There has been Increase in temperatures and wildfires occurrences across the global. Early this year, 4003 thousand hectares were burnt in Chile, same can be said of U.S, Canada and others. Just few years ago, Russia was hit by the worst fire and drought in its history, 55,000 people killed.

Four months after the fire, Russia took all of its grain off world market and food prices reached a record high for the second time in 3 years and there were food riots in 16 countries in South Asia and South America.

Not only are humans moving from unlive-able condition but also the average land base animal and plant species is moving at an average of 4.5 metres per day on our watch. We are in the danger of loosing up to half of all land base species in the century.

Air travel has a lot to do with the spread of tropical diseases to high latitudes for instance the zika epidemic last year the relationship between humans and microbes has always been mediated by climate and we are tilting the balance in favour of microbes and vectors that carry diseases.

Indian cities have the highest level of air pollutions in the world surpassing China with over 4000 schools closed due to air pollution in the past week. Glaciers melting with temperatures 26degrees higher than normal in Greenland and Antarctica leading to high tide and sea level rise.

We have to change because we are in the process of destroying human civilisation.

The World Economic Forum says the climate crisis is the number one treat to global economy. Japan and China are the number 1 and 2 subsidizers of building dirty coal burning plants in places like Indonesia, Vietnam and other developing countries. Although they are doing a lot better than the United States on so many metrics.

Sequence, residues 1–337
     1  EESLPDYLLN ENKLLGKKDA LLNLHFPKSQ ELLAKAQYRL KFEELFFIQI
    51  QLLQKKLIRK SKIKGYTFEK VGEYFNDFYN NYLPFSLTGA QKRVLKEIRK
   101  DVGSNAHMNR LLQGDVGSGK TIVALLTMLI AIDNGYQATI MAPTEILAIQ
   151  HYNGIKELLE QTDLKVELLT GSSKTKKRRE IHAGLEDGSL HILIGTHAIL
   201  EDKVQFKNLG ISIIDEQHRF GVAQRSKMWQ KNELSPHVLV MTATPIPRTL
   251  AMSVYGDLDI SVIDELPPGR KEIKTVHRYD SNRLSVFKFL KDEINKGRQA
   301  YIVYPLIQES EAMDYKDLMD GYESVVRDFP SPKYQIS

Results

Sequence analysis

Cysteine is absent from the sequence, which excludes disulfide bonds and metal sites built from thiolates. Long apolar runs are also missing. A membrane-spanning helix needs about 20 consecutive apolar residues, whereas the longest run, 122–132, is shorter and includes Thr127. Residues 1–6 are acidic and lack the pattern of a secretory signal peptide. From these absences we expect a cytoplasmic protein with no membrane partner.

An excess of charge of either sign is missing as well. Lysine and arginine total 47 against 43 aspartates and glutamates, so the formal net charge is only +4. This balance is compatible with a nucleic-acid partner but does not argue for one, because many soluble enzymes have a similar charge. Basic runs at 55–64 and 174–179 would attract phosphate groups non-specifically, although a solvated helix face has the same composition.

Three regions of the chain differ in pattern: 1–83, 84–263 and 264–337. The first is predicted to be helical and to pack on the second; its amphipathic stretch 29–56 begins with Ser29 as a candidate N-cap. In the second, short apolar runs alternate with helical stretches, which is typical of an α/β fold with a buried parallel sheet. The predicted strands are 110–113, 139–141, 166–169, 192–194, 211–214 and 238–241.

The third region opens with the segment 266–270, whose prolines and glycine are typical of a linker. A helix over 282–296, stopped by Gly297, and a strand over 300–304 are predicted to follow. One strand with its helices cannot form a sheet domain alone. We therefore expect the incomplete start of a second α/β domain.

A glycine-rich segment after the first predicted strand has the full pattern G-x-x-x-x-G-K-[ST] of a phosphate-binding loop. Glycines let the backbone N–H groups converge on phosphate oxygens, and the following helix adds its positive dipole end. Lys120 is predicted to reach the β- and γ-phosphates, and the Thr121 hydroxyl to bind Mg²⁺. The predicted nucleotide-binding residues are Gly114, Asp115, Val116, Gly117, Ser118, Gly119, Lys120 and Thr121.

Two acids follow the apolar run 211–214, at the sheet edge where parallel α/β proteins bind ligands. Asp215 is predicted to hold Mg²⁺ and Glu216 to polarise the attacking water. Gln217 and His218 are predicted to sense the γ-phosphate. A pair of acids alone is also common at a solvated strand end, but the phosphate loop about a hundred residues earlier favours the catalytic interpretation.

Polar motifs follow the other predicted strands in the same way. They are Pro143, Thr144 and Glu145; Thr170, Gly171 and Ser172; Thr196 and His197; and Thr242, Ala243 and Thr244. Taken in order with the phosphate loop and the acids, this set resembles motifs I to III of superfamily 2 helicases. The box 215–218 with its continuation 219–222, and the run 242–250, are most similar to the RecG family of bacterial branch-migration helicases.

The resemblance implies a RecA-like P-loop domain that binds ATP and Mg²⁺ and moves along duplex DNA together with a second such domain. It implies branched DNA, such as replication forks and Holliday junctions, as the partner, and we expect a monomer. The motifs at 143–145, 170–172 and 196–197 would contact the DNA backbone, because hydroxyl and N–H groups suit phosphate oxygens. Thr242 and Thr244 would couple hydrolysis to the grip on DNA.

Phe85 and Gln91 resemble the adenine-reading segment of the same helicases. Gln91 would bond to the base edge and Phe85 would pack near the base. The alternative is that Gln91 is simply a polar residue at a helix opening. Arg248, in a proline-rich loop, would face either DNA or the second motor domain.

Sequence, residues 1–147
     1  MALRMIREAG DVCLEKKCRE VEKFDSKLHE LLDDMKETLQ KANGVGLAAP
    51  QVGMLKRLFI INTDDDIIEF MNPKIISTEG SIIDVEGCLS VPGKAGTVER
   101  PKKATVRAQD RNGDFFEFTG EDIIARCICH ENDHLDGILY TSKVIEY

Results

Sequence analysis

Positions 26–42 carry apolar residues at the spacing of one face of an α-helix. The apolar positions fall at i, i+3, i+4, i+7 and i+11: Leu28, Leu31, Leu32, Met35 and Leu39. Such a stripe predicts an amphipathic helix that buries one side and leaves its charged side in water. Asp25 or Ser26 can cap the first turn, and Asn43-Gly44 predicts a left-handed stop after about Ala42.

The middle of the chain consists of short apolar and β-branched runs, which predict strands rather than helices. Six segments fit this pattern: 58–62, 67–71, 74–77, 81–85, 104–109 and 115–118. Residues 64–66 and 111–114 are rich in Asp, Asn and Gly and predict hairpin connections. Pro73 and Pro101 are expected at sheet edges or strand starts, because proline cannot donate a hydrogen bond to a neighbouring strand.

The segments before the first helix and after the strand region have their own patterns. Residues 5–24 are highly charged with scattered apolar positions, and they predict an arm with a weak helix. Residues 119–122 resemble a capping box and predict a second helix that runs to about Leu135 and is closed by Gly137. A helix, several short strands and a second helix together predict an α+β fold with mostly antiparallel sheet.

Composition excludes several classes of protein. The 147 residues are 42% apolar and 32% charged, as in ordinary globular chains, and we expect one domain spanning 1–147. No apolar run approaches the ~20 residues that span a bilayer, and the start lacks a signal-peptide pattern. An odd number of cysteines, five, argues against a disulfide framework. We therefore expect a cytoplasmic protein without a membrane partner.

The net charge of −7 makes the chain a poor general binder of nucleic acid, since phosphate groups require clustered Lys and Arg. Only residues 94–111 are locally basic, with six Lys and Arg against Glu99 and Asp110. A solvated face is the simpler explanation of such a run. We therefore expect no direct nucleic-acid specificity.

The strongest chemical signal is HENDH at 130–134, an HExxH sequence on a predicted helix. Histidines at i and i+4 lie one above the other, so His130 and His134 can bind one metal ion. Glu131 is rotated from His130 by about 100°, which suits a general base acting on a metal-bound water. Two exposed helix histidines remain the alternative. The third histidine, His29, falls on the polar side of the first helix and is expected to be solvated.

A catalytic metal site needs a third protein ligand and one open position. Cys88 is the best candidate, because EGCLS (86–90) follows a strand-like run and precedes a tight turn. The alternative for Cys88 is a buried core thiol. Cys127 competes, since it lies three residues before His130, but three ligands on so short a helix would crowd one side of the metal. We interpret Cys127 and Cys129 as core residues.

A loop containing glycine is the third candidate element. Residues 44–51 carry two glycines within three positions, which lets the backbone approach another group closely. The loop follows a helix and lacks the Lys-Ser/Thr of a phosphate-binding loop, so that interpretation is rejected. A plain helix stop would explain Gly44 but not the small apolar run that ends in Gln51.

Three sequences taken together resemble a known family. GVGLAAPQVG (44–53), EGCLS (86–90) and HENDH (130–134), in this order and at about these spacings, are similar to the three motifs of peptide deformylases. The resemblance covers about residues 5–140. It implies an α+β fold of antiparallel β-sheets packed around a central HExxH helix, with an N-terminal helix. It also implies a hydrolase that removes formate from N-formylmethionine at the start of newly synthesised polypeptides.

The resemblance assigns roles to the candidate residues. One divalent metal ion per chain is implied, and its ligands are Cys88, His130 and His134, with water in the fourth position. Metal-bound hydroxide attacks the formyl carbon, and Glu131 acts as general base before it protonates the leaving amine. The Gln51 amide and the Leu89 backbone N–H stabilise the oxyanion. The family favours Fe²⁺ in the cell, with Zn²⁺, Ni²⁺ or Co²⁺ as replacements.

The good news is we have the solution at hand. Take for example, 17 years ago there was the most optimistic projection that the world will reach 30gigawatts of wind by 2010. However, we have exceeded that 16 times over.

Wind energy is now the cheapest form of electricity. Denmark is one of the leaders that reached more than 100 percent of their needs for 24 hours of one-day last year. US has enough wind energy to power more than 25 million homes. On a global scale, wind can supply 40 times as much energy as the entire global economy consumes.

4For solar energy, 15 years ago, the most optimistic projection for solar was 1 gigawatts per year of new capacity. Last year, that projection is exceeded 75 times over.

A number of countries are planning a fossil fuel vehicle phase out between 2025 and 2040 namely Norway, Netherlands, Indian, Scotland, France and Britain. Solar and wind contributes about 70% to the electric generation capacity of U.S. In the U.S, hundred leading multinational companies have pledged their to support to the Paris agreement regardless of U.S exit from the agreement.

In all, the consequences of climate change across the globe indicates why we have to change NOW!!!

Samuel Adeyanju from Nigeria, is an MSc student at the faculty of Forestry, University of British Columbia (UBC), Canada.